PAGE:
where the wardens lived, well hidden in the forest with its own little
gate to the outside world. The dog started to jump about - hey - we had
the park's dog. They were very happy to see her and the pups and she
was sure glad to be home. The consensus was that something had
frightened or chased them into the park and they had got lost.
That was many years ago but I can still see that dog with her paw in
the air, in a panic and trying to get help from a passing car and
ending up with as very good impression of a hitchhiker.
and me 1941
am very fond of this
picture of me and my cousin Harold. 1939 was a big year for babies in
our families and so I have a number of cousins who were born within a
few months of me. As a pre-school child, I played by myself or with
visiting cousins and I do not remember any other playmates. But there
were plenty of cousins.
As far as I remember, Harold and I never had a disagreement as
children, even though sparks sometimes flew with other cousins. And as
I remember, we got up to more dangerous mischief with each other than
when we played with any of the other cousins.
have found out that our
mothers had some arguments on child rearing. My mother thought that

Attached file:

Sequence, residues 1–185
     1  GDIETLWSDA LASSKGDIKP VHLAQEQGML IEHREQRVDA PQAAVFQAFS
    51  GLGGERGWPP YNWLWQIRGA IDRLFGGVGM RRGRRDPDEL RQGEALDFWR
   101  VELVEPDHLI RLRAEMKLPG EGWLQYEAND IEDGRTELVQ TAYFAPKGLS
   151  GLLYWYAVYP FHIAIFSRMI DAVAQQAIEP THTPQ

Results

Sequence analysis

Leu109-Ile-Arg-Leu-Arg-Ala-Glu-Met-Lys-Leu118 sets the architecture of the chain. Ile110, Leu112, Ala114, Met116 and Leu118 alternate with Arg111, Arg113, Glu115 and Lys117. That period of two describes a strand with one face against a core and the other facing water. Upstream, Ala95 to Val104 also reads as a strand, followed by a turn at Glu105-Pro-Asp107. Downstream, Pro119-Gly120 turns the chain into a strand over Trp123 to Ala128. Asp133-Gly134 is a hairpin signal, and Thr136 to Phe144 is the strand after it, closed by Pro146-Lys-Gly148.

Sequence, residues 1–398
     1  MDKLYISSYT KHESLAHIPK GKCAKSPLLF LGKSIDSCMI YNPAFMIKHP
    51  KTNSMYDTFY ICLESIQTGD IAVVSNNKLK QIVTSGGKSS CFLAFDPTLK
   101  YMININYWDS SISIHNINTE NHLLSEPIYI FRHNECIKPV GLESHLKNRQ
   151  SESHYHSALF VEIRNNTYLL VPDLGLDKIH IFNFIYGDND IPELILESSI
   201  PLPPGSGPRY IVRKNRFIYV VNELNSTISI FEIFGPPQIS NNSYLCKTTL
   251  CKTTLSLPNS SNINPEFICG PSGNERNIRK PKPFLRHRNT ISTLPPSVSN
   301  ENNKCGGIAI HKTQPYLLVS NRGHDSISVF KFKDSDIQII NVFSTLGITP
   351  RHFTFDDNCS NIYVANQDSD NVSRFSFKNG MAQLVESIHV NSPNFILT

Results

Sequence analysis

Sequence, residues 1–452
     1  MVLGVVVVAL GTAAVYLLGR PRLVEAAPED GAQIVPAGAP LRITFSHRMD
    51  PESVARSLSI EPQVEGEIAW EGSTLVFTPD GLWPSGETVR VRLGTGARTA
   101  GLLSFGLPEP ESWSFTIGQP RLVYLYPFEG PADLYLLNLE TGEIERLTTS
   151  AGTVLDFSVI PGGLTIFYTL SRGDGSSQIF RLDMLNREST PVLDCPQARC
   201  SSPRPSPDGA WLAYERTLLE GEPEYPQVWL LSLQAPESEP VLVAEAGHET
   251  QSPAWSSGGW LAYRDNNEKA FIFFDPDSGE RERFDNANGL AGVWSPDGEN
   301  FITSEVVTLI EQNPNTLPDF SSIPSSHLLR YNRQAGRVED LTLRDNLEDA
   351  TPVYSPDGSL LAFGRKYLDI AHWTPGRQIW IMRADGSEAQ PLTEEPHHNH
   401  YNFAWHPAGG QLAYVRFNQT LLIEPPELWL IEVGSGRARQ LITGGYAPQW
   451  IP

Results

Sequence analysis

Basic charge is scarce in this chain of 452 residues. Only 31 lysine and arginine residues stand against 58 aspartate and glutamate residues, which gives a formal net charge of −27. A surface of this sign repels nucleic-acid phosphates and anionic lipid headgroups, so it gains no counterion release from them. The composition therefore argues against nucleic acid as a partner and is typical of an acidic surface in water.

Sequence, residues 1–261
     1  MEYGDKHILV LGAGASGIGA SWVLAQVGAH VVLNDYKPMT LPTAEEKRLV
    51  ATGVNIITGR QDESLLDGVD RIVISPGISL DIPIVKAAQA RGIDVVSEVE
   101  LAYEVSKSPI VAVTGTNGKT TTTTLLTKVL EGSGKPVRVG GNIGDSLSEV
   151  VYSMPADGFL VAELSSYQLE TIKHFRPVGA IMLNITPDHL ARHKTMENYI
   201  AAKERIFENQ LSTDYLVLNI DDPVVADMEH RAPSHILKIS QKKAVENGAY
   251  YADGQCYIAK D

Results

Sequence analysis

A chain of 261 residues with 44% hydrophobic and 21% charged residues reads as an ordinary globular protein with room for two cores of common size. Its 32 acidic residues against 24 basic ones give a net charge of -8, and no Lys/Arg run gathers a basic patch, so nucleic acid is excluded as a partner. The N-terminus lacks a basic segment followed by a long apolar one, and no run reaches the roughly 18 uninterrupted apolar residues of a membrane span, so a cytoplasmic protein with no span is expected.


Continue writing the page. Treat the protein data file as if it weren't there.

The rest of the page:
Harold was 'spoilt' and criticized his mother for thinking that all her
children were so 'special'. His mother criticized my mother for saying
that I was a 'plain Jane'. And she really was upset with the way my
mother put me to sleep. Mom put my down in bed as a baby, gave me a
kiss good night, and then gave me a little slap on the bottom.
Apparently I would give a little whimper and snuggly up in my pillow
and fall to sleep almost immediately before my second whimper could get
out. It makes me chuckle when I look at the picture, that for all their
differences about child-raising, my mother and aunt were raising very
The picture also reminds me of the prairie. As little children during
the war, we had very few store-bought toys. We had very few toys at
all, bought or made. But we did have a lot of prairie that we could
roam in. My mother said she could see me a quarter mile away. But when
cousins were at our house, we had to stay around the yard. Not that
prairie yards were in any way confining. Even as an adult I find them
on the large size; as a kid they were a world all their own. Here are
Harold and me in the center of the yard with the house and all the
buildings an equal distance away along three sides. That's the navel of
I sometimes feel sorry for kids today that have to be supervised all
the time and taught to be frightened in their own environments. It is
not that I think this is wrong today; it is that I am sad that today it
the woodpile 1942
are 5 of us: Donnie,
Connie, Harold, Marjorie and me (cousins again, in the yard on the
prairie). The date on the picture is 1942 but it sure looks like we are
a year older than that. The date was written more or less at the time